When the groups had finished, I posted their pictures on the wall. I then asked them to nominate someone from their group to share their ideas with the rest of the class. This generated a very interesting discussion, in which we explored the notion of sub-communities within a larger community, and the nature of the tasks that such sub-communities tend to undertake.

Lesson 3: The advantages and disadvantages of community life

I asked my students to copy out the following questions and make notes of their answers for their homework.

  • What are the advantages of living in a community?
  • What might be the disadvantages?
  • How can people who feel isolated in a community be helped to become more integrated?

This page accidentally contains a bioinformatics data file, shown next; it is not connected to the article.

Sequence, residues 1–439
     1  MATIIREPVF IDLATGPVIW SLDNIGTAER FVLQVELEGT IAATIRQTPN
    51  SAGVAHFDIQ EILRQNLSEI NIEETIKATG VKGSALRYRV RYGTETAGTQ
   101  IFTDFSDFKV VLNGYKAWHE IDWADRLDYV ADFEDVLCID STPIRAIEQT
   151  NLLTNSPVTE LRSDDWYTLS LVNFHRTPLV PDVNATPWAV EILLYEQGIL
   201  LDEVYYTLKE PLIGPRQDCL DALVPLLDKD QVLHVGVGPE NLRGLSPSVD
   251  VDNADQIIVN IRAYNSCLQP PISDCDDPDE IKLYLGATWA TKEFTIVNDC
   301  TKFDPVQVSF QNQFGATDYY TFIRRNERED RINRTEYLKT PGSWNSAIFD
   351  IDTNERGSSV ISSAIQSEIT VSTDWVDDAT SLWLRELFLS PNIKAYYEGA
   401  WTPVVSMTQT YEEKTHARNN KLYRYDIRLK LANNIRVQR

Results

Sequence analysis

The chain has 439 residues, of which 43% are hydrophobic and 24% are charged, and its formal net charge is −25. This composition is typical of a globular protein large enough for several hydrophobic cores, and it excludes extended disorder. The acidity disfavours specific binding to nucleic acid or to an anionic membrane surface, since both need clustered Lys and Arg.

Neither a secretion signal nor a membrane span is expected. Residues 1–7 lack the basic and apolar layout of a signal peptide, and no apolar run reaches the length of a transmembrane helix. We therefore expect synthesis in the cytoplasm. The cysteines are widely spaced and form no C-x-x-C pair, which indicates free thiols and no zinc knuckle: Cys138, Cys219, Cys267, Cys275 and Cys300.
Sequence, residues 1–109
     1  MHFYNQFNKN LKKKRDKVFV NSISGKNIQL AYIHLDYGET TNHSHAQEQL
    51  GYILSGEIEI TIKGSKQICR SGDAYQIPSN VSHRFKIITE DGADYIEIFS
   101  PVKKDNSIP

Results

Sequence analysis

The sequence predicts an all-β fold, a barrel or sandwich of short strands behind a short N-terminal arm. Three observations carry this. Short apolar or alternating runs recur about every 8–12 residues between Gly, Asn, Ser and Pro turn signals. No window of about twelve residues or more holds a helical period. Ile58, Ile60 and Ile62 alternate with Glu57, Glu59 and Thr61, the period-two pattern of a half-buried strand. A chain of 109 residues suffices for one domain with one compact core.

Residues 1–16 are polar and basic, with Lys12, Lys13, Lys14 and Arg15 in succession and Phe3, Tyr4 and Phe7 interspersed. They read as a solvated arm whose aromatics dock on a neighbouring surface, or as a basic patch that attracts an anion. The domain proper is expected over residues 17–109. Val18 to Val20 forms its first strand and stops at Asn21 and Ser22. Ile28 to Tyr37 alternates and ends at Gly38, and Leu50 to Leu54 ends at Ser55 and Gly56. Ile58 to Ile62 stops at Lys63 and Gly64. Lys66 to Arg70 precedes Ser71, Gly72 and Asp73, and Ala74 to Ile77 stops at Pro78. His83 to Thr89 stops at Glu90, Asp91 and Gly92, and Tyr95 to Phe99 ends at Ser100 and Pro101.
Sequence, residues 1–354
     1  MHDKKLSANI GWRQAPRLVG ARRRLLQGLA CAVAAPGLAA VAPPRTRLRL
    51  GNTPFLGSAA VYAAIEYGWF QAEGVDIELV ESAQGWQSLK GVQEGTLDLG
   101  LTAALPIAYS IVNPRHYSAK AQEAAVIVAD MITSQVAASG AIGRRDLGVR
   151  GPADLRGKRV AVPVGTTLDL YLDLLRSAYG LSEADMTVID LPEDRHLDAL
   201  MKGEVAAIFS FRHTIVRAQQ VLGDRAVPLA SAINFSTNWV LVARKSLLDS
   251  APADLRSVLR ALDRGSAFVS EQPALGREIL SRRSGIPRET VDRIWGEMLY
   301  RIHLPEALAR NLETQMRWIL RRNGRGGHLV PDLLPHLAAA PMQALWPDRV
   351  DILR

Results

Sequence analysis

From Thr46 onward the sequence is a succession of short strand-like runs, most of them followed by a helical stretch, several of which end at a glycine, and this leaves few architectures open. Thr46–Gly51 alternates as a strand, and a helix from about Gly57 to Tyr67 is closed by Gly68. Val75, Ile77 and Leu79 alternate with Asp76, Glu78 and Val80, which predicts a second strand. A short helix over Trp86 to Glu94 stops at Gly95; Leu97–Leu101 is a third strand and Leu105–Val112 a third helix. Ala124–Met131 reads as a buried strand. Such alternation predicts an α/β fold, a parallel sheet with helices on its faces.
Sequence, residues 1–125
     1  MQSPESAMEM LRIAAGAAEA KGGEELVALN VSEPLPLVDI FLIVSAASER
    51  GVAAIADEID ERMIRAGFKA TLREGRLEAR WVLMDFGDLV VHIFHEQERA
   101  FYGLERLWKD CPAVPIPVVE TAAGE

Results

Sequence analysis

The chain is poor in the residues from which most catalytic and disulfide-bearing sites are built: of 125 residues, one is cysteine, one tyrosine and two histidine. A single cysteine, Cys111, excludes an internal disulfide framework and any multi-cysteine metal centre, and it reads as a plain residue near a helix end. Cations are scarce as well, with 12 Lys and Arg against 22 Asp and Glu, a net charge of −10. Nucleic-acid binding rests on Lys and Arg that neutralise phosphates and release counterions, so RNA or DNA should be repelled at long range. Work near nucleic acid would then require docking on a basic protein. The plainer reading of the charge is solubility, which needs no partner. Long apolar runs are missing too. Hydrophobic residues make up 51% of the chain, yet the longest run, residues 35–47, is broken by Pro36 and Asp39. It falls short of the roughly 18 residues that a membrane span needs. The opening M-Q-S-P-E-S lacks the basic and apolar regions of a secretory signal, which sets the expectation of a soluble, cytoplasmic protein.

The next day, I placed my students in pairs and asked them to discuss their homework with each other. This was followed by a whole-class discussion in which I tried to ensure that those who had not contributed before had a chance to speak.

Figure 2 Pair work in the classroom.

Lesson 4: Community government

We began this lesson by listing of all the people in the village who had responsible positions and considering what their responsibilities were. My students named many different people with different roles, including teachers such as me.

Rather than write up their ideas on the blackboard myself, I invited two volunteers to do so in turn. They were very proud of taking on this task and used their best handwriting in the process. If they made spelling errors, their classmates suggested corrections.

I then divided the class into pairs and gave them 15 minutes to consider two further questions: